Reporters routinely keep track of how often presidents hold press conferences, formal and informal, and complain when they start getting rare. On the Hill, where Members usually are accessible — indeed, hungry for publicity — there’s no need to complain. Until now.
The House Republican leadership plans to downgrade the responsibility for conducting regular briefings for the media from the Majority Leader to the Conference chairwoman — from the No. 2 person in the leadership to the No. 4 person. For several years, Majority Leader Dick Armey (Texas) met with reporters at noon each Tuesday to impart his best estimate of the floor schedule and leadership thinking. The contact also gave him and the media the opportunity for exchange about Armey’s distinctive views, which he often expressed pungently and quotably.
We mean no disparagement of Conference Chairwoman Deborah Pryce’s (Ohio) skills as a communicator, but it’s likely to make a difference in the quality of communication if the word comes from someone actually making policy rather than someone who’s basically delivering messages. The GOP plan evidently is that Majority Leader Tom DeLay (Texas) will appear intermittently when he feels it’s important to clarify leadership’s position or when he feels moved to make a personal statement.
On the basis of his record over the past few years, we’re afraid we’ll see little of DeLay, who’s the chief strategist and policy czar in the leadership. Often accused of harboring “extreme” conservative views and of practicing ultra-hardball political tactics, DeLay made himself largely unavailable to the media as Majority Whip.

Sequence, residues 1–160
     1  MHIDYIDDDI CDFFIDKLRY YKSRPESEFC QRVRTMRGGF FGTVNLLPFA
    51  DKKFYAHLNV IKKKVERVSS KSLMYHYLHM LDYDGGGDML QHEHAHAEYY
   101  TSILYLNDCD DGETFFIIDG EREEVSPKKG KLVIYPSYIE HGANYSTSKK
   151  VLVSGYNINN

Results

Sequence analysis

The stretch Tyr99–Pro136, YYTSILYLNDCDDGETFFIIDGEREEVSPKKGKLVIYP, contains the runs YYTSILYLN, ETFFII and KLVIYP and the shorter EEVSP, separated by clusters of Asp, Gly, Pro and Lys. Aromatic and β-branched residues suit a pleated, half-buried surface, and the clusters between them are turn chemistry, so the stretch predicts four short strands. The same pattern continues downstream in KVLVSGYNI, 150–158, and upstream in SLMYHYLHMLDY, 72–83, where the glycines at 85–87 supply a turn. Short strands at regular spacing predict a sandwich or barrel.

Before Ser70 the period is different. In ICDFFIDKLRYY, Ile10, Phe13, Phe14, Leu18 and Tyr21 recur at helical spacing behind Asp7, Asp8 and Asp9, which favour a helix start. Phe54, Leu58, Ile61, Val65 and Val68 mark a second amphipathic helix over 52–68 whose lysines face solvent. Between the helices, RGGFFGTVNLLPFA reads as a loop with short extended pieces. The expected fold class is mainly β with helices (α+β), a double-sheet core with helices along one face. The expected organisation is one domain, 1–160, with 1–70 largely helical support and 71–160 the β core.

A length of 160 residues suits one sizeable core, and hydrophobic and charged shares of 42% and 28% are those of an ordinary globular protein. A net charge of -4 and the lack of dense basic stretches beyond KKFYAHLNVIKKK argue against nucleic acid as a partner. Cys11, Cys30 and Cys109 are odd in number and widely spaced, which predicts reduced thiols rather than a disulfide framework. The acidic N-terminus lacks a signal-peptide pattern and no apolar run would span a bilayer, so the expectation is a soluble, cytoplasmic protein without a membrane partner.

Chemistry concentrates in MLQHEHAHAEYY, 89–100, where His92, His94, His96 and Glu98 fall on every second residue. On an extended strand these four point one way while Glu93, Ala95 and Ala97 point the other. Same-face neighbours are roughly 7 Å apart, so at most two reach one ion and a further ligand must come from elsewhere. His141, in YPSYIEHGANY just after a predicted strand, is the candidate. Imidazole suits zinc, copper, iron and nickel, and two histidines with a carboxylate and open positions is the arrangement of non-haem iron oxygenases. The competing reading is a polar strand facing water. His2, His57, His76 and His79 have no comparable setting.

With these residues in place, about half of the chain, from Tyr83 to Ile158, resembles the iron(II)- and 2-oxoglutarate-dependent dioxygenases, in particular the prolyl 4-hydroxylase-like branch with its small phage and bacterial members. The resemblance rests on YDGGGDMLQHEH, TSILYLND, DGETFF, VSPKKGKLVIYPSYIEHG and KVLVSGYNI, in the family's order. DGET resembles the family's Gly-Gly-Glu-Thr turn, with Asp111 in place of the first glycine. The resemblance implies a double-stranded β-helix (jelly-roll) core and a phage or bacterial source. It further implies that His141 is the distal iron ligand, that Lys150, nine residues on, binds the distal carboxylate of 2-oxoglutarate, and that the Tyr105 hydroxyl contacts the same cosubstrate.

Now, we’d urge him to resurface and be visible as Majority Leader. He may fear he’d become a handy target for Democratic attack, but he’d also be able to explain his views and maybe persuade the public that his views are not so extreme after all. If Defense Secretary Donald Rumsfeld can become a media hit, why not DeLay? The same goes for Speaker Dennis Hastert (R-Ill.), who customarily holds press briefings only every two or three months.
We don’t know what the briefing schedule will be on the Senate side, but we hope that Majority Leader Bill Frist (R-Tenn.) will follow the pattern set by former GOP leader Trent Lott (Miss.), who held “dugout” sessions nearly every day. As Majority Leader, Sen. Thomas Daschle (D-S.D.) matched Lott for much of his tenure. But over the past few months his briefings have come to be known as “the weekly dugout.”
Given Democratic complaints that they’re being “out-communicated” by the GOP, we’d anticipate — and hope for — daily sessions with Daschle again. In fact, if daily dugouts can be the rule in the Senate, why not in the House, too, inasmuch as it’s supposed to be the body closest to the people?